While the EMC program, that recommends newspaper advertising, fliers and greater uses of what if calls "freebies," such as Facebook and Twitter promotions, puts an immediate focus on the upcoming Christmas shopping season, Olson says the city and the PDA are working together to bring more sizzle to the downtown. A big boost is expected to come with the opening tonight of the $10 million Firehouse Arts Center on Railroad Avenue, just a block from Main Street. Some pubs are already open late on weekend nights including those that offer music, dancing and other entertainment, such as Barone's the Farmer Restaurant, Redcoats and Main Street Brewery. The PDA is working with other businesses to make a downtown trip to a Firehouse performance even more enjoyable with restaurants that will guarantee quick service so that patrons can dine and still make it to the theater on time, and some that stay open later with menus for late night desserts and drinks even if they don't have music and dancing.
Beyond the Firehouse, Olson wants to expand special events downtown. This year's First Wednesday street parties brought record crowds, partly because of good weather at each of the five summertime events, but also because more folks who live here are finding the street parties better organized. The popular beer garden was restricted to adults only this year with a second band added along with family seating at the north end of Main. Next year, Olson plans to add a wine bar and entertainment at the family section, and she also hopes to draw more people to south Main Street with a limited number of hot rods and classic cars on display, courtesy of the Pleasanton-based Goodguys organization. Olson says she knows the added attractions are working. The September First Wednesday usually attracts only 5,000 people. This year it was well over 10,000, about the same as August's event. Main Street Brewery's business was up 10%-15% vs. the month prior when the First Wednesday venue was not extended north to the arroyo.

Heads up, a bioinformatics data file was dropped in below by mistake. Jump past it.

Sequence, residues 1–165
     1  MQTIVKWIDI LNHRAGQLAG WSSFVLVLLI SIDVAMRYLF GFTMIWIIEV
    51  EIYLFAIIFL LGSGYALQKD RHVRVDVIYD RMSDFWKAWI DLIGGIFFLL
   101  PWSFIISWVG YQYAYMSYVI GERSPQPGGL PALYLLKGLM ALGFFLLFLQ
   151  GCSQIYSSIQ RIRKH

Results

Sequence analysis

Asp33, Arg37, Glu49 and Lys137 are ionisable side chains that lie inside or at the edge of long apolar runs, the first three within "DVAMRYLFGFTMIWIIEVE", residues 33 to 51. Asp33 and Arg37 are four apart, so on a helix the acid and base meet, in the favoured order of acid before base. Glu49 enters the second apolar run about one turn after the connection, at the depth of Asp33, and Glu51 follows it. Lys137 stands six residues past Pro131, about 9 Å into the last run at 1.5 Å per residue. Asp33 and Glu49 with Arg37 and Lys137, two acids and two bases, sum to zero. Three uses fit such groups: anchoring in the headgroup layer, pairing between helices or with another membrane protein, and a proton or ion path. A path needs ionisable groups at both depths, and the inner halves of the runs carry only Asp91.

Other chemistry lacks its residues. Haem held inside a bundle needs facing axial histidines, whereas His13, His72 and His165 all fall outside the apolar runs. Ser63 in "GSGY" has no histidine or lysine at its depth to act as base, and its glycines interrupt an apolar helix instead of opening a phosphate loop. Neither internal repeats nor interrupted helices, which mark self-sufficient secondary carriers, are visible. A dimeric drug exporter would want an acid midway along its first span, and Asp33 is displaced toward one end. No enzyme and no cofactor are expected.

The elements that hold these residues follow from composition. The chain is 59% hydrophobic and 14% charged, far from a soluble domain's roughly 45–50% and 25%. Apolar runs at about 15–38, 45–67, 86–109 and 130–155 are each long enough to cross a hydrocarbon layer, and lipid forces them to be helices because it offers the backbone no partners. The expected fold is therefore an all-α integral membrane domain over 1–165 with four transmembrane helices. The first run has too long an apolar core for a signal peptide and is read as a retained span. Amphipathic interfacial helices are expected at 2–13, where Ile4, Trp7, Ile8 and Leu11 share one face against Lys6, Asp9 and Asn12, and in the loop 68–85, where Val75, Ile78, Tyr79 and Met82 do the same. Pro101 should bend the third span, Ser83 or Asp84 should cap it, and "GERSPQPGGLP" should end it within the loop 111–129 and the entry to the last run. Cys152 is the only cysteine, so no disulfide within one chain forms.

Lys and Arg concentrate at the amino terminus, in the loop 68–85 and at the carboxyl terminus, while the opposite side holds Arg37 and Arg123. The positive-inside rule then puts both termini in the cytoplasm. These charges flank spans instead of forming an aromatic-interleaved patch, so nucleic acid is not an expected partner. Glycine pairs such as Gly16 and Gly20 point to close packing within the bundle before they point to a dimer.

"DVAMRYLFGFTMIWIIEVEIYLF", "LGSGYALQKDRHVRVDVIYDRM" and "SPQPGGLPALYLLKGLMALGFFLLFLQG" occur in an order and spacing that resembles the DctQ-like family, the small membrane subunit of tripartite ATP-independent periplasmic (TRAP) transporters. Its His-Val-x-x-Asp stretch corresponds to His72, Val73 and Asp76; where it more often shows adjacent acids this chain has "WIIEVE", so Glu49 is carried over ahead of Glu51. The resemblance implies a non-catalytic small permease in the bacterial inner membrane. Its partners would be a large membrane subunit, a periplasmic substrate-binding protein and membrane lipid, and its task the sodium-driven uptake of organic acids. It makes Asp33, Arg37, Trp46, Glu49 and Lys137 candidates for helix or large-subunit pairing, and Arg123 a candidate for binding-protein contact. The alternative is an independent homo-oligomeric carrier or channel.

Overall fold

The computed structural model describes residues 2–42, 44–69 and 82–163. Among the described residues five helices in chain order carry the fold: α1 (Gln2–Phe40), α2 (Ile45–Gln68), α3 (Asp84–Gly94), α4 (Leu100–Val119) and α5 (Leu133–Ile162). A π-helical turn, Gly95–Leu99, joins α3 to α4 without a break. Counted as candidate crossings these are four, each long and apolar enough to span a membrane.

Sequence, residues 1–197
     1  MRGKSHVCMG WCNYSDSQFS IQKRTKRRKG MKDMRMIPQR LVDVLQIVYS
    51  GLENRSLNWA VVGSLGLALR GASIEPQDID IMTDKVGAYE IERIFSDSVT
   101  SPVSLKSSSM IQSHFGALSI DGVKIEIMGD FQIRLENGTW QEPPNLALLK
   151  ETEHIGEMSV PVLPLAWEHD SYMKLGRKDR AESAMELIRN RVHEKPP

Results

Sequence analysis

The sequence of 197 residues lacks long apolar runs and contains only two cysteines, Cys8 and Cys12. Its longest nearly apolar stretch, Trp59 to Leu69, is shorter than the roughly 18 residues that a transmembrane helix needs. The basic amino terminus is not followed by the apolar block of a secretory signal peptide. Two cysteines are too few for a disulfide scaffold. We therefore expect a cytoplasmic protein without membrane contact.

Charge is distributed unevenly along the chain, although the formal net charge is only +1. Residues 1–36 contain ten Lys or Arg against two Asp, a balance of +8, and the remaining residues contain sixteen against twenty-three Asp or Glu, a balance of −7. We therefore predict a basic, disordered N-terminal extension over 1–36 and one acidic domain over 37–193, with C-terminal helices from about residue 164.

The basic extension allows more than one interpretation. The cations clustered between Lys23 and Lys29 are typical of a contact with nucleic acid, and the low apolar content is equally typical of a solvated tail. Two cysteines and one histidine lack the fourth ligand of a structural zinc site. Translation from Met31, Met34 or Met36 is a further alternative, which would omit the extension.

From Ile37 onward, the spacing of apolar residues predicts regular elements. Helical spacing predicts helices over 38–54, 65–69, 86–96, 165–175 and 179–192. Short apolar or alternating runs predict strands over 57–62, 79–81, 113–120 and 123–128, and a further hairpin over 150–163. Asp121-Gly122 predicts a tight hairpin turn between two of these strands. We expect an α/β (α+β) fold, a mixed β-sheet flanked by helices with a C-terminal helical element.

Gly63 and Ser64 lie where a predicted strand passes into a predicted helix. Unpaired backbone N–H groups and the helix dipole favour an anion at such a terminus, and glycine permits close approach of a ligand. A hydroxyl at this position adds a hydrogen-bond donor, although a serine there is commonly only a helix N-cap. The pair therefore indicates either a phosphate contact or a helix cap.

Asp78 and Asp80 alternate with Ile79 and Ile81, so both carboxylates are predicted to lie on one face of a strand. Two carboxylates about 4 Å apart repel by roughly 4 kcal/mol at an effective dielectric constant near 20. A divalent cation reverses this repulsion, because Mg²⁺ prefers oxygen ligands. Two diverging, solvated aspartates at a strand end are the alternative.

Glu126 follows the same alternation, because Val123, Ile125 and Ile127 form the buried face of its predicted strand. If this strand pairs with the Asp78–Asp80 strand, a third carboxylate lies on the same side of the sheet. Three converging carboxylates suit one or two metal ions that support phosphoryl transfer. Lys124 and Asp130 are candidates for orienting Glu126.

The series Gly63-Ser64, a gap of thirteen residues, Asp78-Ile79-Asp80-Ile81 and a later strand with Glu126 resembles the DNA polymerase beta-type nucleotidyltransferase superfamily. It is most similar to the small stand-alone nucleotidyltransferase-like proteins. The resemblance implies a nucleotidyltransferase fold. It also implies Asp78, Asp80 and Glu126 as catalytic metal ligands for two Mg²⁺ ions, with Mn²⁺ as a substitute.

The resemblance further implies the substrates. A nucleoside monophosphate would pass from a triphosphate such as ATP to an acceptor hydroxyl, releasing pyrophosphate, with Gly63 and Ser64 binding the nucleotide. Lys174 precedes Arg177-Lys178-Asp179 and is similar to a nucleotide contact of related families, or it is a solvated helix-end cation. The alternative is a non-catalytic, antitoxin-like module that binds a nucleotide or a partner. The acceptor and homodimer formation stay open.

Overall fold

Another benefit of First Wednesdays is that there's more appeal to Pleasanton residents than other major attractions, such as antique shows and exhibits at the Fairgrounds which have a greater Tri-Valley/East Bay appeal. Downtown merchants like it when out-of-towners shop at their stores and dine locally, but it's those who live in Pleasanton who need to be more supportive. Olson cited a study by a national nonprofit grass roots group called the "350 Study" that found that if every employed person in the U.S. spent $50 a month at independently-owned businesses in their home towns it would generate $42.6 billion in local revenue throughout the country. That's not to say those who live here should avoid Stoneridge Shopping Center or other Pleasanton shopping centers, which bring in huge sales tax revenue to the city, but Olson simply reminds everyone how much a meal or two or a special gift could benefit our historic downtown, which most of us consider the crown jewel of Pleasanton. Still, PDA and city surveys show that the public would like more variety and even more special downtown events. Merchants, as members of the PDA, want to hear from their customers about just what they'd like to see. Those are the ideas Olson will use in the coming weeks as she and her PDA directors plan their 2011 strategy to add more sizzle to downtown.